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Creative story planning

Creative story planning header image

This month, I have an update on general life and personal writing, followed by a quick discussion on creative story planning, and why it’s blowing my mind.

May 2019

It’s been a strange month in the Hurst household as we get to grips with becoming parents.. Late nights and disturbed sleep have impacted on my writing, although it’s been less than last month, and things are getting better as we figure out what we’re doing. I now have to buy clothes for a baby girl though, something that still confuses and terrifies me.

An example of the decisions I now have to make. My life has definitely changed.

The biggest decision I made this month was to start a new project. This was a big step for me, because I’ve been writing my False Sanctuary novel for almost two years now. However, a combination of some honest feedback and a capitulation to the feeling that, deep down, the story wasn’t quite working, has meant that I am starting again with something new.

Giving up wasn’t easy. It’s not something that I do lightly. I’m not ruling out returning to the story at a later date. It’s just that right now, it’s not where I want to put my attention. Instead, I’m going to keep blogging, and start something new.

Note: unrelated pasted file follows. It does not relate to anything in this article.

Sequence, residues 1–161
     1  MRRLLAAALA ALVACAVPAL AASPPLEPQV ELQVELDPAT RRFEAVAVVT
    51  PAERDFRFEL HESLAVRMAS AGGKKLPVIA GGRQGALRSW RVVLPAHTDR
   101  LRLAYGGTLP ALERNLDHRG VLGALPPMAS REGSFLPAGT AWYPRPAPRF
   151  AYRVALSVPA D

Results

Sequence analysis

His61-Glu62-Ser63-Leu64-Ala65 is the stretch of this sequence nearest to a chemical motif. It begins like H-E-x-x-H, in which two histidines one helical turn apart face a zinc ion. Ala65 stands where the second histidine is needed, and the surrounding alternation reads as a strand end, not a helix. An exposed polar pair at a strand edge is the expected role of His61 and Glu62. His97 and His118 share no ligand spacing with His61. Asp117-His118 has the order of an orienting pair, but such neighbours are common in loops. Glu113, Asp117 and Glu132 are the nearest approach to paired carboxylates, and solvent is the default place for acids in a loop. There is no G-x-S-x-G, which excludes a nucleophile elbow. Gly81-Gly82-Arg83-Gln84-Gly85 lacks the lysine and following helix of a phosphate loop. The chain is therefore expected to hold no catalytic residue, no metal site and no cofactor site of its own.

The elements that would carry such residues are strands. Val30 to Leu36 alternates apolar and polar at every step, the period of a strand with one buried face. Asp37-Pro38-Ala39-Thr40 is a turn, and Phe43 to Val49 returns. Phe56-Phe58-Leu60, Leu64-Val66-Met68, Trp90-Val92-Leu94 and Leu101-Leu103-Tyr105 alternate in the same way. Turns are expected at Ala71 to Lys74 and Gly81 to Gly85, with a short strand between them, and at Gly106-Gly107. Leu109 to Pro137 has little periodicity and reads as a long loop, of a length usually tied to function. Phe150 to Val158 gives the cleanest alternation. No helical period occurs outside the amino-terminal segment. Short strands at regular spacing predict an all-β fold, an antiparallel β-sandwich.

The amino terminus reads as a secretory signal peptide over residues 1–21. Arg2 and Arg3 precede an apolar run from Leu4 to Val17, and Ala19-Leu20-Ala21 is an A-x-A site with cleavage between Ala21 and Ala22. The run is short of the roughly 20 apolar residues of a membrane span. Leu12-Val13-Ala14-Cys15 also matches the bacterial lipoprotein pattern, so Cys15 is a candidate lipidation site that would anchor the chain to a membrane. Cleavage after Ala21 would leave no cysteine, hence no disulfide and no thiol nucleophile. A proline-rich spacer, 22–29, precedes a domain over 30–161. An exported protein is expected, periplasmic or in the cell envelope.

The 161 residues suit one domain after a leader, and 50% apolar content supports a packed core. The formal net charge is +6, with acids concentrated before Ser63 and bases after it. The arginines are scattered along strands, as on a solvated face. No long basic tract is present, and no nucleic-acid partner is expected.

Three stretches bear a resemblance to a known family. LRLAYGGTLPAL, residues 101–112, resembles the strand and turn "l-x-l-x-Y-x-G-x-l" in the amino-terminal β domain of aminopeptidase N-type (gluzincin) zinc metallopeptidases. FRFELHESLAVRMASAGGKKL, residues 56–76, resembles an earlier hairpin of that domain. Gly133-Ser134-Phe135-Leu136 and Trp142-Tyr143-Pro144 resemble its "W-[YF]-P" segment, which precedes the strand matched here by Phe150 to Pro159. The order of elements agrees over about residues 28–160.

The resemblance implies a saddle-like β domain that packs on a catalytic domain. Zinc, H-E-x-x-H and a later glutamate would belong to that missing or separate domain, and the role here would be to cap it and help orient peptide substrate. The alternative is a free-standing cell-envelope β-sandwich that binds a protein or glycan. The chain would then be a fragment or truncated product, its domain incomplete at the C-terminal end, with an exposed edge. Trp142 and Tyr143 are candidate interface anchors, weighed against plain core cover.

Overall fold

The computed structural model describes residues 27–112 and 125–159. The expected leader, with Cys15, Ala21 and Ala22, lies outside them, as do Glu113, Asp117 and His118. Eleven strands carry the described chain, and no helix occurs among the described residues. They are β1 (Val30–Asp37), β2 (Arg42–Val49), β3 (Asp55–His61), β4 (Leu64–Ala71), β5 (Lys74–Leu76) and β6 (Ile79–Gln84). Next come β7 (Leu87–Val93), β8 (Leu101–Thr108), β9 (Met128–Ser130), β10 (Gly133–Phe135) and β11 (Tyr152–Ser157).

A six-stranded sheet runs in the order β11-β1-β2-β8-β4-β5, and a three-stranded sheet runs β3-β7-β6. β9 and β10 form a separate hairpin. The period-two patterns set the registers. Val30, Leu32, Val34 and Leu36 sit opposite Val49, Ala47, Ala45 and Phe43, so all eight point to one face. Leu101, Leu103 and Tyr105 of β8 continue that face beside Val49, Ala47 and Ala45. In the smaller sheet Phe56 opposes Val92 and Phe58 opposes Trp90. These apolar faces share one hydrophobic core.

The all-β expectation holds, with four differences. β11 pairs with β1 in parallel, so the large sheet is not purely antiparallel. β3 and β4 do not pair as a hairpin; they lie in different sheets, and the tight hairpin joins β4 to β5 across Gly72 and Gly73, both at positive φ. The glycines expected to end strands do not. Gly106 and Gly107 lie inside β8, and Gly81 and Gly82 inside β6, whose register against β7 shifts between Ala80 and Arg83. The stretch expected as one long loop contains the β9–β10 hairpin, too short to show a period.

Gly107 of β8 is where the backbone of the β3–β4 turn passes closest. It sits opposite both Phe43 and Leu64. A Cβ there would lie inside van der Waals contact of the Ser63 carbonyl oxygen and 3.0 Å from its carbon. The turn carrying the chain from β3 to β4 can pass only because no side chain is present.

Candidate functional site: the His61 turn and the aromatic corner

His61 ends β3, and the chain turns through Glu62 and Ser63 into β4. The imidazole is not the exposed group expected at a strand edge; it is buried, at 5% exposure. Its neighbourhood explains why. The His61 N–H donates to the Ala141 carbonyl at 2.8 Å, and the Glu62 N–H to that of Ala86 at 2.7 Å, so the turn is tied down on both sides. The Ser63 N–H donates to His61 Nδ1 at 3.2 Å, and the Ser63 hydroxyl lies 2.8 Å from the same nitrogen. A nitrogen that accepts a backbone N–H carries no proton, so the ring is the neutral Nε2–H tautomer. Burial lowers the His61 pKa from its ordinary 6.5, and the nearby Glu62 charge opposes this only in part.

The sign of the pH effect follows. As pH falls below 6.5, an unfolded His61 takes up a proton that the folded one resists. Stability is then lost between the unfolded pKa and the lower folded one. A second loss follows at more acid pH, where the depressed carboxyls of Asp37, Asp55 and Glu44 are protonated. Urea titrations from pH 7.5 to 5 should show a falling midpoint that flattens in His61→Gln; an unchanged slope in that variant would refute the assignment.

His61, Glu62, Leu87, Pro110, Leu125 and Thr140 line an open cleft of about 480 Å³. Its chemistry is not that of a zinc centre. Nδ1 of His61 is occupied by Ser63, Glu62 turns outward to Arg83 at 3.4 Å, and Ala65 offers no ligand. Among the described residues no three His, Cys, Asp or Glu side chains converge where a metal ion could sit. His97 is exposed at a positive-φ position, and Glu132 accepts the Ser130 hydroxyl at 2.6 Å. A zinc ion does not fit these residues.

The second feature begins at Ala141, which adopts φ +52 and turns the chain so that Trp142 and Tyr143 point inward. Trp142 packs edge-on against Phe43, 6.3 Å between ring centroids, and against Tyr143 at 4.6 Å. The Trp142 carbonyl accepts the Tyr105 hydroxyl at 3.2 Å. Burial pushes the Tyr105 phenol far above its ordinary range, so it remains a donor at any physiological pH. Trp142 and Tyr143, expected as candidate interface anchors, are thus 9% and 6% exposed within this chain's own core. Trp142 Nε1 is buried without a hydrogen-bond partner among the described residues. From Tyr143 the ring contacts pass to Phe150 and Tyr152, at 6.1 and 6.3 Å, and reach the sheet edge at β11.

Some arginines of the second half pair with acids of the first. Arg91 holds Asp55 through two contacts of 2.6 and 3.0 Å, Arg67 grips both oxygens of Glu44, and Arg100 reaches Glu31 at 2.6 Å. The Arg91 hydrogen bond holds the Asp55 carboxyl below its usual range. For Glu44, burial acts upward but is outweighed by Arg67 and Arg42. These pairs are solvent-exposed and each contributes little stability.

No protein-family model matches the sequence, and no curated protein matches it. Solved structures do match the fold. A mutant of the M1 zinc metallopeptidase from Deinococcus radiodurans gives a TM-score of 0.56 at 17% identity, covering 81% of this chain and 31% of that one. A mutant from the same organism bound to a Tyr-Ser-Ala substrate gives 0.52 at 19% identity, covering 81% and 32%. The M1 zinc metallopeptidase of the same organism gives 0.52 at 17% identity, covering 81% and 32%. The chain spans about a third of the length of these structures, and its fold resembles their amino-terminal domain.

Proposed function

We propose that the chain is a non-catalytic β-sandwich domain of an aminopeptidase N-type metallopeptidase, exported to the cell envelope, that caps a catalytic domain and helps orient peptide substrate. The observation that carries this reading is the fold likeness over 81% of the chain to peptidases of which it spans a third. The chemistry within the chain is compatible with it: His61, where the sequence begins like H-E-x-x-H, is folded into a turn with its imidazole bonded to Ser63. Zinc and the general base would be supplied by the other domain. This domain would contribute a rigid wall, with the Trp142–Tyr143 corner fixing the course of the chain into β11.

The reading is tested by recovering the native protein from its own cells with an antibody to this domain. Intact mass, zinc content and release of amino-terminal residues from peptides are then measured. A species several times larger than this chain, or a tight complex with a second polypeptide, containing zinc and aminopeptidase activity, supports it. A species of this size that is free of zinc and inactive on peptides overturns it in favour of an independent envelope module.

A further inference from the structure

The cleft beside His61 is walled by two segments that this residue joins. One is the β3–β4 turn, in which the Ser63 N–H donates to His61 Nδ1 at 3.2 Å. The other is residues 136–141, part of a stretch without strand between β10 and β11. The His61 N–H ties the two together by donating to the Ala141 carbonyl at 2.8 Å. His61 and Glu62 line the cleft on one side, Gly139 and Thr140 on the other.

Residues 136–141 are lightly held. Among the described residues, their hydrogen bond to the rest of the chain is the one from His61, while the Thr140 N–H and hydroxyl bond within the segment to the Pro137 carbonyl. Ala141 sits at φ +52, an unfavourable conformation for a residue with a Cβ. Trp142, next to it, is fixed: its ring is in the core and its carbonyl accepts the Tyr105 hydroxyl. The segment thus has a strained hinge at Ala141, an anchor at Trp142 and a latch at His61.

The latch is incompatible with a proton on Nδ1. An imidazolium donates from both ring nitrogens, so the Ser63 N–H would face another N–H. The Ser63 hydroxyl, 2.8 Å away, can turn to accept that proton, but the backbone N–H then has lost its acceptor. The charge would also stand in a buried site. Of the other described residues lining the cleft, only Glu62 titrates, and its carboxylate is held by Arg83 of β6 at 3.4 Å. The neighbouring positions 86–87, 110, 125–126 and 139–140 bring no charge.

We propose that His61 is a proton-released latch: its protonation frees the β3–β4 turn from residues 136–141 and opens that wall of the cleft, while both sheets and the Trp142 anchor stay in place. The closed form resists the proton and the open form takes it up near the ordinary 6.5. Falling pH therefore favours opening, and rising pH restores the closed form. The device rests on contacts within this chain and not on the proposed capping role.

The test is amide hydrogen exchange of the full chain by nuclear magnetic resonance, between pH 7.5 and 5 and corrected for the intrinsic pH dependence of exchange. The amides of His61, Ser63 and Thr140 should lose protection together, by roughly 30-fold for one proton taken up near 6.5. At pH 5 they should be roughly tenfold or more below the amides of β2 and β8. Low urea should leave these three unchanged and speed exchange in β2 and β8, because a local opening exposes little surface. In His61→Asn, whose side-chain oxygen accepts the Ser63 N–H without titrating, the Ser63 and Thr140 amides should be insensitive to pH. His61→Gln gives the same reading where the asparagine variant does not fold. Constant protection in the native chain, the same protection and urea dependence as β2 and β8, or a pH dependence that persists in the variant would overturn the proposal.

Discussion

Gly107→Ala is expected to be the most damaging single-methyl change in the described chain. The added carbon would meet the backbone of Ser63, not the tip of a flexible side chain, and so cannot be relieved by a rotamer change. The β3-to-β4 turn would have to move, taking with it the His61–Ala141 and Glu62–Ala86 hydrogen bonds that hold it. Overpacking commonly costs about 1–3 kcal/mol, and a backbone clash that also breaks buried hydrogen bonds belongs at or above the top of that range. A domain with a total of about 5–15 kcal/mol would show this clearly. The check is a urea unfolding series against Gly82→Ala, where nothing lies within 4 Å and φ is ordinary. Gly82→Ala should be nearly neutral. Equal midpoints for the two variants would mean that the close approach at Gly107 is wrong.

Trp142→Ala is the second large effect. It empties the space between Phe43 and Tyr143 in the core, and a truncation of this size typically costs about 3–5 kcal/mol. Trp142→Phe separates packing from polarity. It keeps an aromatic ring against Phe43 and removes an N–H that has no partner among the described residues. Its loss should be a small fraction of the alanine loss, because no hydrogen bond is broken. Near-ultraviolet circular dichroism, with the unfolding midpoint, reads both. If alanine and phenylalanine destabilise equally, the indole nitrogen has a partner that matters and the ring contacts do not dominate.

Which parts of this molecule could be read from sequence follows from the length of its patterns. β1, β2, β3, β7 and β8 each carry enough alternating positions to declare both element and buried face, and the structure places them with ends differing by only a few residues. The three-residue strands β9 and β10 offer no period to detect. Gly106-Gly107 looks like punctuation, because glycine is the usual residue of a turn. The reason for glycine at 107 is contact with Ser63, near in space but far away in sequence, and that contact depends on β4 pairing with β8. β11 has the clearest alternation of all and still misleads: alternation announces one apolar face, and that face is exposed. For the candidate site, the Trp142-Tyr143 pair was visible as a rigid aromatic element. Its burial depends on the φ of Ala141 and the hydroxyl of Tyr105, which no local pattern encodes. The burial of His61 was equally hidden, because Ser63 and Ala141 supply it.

Wish me luck…

Creative story planning

What on earth is story planning? And why am I writing a post about it? I’ve been a ‘pantster‘ for as long as I can remember, even when others have sat me down and demanded that I plan out stories. However, after the car crash that was my latest novel (more on that below) I’ve decided to really plan out my next story and to force myself to keep as close to the outline as possible. The first obstacle I had to overcome, however, was the nagging feeling that story planning wasn’t writing.

Planning can be colourful. Image from Felipe Furtardo on Unsplash.

After planning for a week I had a revelation. Planning gives you a way to be creative that writing out the prose could never achieve, partly due to the speed in which you can make changes.

Speed of change

Pantsers never know where their writing is going to take them. I was the same. The reason that False Sanctuary was such a confusing story was because it didn’t take it’s final form until I’d worked through a number of drafts. I’m not talking about changing chapter order, or moving a scene around. I completely changed everything multiple times – including the use of flashbacks, the order twists in the story were revealed, and when characters were introduced.

There’s nothing wrong about that. I’ve changed things around in previous stories and scripts and they have worked out well.

The problem with changing the order of my story when I’ve already drafted a lot of it is that it can take a long time. Once I have moved the chapters around (which with the likes of Scrivener and OneNote can be really quick) I have to read through the whole thing again to make sure that it all still makes sense. If moving forward in the story I need to be careful that characters don’t discuss things that haven’t happened yet, or reveal things that they are yet to discover.